Oxendine, 39, is married and a father of a 6-year-old daughter and a 9-year-old son. He said back when he was the typical college age, he wasn’t mature enough nor did he have the discipline to do what was needed to become a dentist. But then he went through basic law enforcement training.
“You’re going to learn discipline or you’re going to fail out. If you have the mindset that you’re not going to fail, you will become more disciplined,” Oxendine said. “I think that’s what the police department did for me.”
While an officer, Oxendine went to ECU and got a degree in chemistry in 2009. He then took some prerequisites so he could eventually apply to the School of Dental Medicine. He started his new journey in August.
“You walk in here knowing that it is going to be difficult and you don’t know what to expect,” Oxendine said. “I had a good semester; I’m pleased with my performance. I have a lot to learn.”
These days, instead of walking the beat downtown, you’ll see Oxendine walking from the lecture hall to the simulation lab in Ross Hall on ECU’s Health Sciences campus. Instead of Oxendine working with the latest law enforcement equipment at the range, he’s working with his restorative kit, fixing cavities and other defects in the mouth of a mannequin he’s affectionately named Santiago.
“Each week you’re learning something new – you’re having to apply it – and no matter how good you were the previous week, you’re going to have a new thing to learn, a new hardship that you’re going to have to overcome,” Oxendine said.
Watkins said Oxendine’s current dental education is essentially like he’s on training wheels, but not for long. “Next, we will take the training wheels off and he will have to work in our clinics while we watch him. And then he’s going to be doing real live patient care in our service learning centers.”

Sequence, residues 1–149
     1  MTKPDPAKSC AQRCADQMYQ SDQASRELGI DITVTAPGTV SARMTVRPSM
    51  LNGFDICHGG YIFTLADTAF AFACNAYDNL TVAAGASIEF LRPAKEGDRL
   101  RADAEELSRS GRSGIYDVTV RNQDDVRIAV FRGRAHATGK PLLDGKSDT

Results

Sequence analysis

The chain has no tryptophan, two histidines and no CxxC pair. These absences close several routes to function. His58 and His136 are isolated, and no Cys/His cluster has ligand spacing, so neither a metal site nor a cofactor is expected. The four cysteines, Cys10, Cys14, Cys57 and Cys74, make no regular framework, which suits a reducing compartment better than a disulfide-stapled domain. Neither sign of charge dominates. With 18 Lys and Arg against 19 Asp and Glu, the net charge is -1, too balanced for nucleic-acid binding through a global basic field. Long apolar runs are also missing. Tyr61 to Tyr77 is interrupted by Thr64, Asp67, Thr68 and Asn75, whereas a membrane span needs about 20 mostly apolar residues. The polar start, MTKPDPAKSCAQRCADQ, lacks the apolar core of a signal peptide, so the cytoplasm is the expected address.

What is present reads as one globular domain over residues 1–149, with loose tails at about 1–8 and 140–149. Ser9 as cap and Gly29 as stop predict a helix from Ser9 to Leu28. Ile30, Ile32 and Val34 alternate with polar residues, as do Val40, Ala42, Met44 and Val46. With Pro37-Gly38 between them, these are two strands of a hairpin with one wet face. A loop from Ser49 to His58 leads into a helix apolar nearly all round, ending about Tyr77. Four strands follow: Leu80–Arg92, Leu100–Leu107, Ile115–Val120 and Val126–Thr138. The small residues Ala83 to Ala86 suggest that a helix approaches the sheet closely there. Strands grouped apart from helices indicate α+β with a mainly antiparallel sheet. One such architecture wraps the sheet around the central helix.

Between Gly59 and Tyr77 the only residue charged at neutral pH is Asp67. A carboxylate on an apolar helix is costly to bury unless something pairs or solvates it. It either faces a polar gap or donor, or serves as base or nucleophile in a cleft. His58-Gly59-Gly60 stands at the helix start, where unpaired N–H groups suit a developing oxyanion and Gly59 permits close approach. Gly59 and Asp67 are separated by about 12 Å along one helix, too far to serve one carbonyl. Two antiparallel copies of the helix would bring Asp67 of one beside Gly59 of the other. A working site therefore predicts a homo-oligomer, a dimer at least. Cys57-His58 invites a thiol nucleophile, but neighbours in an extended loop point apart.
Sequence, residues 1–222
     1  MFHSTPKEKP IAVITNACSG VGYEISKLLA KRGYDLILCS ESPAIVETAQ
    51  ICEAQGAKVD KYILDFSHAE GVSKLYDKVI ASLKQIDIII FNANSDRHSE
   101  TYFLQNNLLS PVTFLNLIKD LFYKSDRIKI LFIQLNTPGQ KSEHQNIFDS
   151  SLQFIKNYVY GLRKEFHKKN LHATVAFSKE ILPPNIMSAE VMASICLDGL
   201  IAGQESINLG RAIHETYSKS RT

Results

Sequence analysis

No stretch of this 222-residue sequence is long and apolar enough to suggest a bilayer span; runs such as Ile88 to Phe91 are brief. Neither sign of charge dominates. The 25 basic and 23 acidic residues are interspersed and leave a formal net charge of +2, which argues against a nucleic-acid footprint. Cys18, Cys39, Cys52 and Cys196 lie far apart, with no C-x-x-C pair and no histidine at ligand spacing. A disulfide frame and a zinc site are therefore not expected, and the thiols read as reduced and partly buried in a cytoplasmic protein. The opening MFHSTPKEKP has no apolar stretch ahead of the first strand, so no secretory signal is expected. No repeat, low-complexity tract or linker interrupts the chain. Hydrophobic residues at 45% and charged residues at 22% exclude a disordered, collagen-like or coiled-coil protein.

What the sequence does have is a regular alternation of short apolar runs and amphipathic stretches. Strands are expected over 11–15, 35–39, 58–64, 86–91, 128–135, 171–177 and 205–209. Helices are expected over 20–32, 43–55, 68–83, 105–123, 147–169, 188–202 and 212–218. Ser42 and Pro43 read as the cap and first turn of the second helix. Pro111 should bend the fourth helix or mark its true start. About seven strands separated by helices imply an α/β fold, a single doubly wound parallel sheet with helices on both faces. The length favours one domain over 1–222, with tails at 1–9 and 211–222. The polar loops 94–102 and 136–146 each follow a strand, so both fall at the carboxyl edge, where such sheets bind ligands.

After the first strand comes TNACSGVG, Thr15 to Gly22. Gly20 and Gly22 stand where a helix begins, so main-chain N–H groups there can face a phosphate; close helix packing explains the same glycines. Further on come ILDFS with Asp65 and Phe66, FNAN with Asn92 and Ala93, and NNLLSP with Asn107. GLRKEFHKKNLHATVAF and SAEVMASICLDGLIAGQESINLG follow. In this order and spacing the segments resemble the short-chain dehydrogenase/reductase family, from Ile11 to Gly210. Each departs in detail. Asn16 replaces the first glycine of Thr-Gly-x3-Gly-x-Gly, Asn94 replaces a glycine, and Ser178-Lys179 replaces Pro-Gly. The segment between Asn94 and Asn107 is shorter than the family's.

Oxendine’s transition from officer to future dentist has him working closely with a new set of peers, which seems to be extending his family.
“All of my closest friends were obviously related to (GPD). You miss the people – they’re your friends, they’re your family, you’ve gone through a lot of traumatic things together which creates a bond. That’s probably the most difficult part – not seeing your friends every day,” Oxendine said. “However, I’m growing close to a lot of people at the dental school. So I’m really pleased that I found some great friends over here.”
His former colleagues say ECU is gaining a student who leads by example.
“As for GPD, I don’t think they’re going to be able to replace him, he’s just one of a kind. He was a great supervisor, he’s a great leader. People just love being around him, people love working with him,” Paldino said. “As for ECU, I think they’re definitely in for a treat. He’s just extremely motivated and he’s going to really have an impact over there.
For more information on the ECU School of Dental Medicine, visit http://www.ecu.edu/cs-dhs/dental/.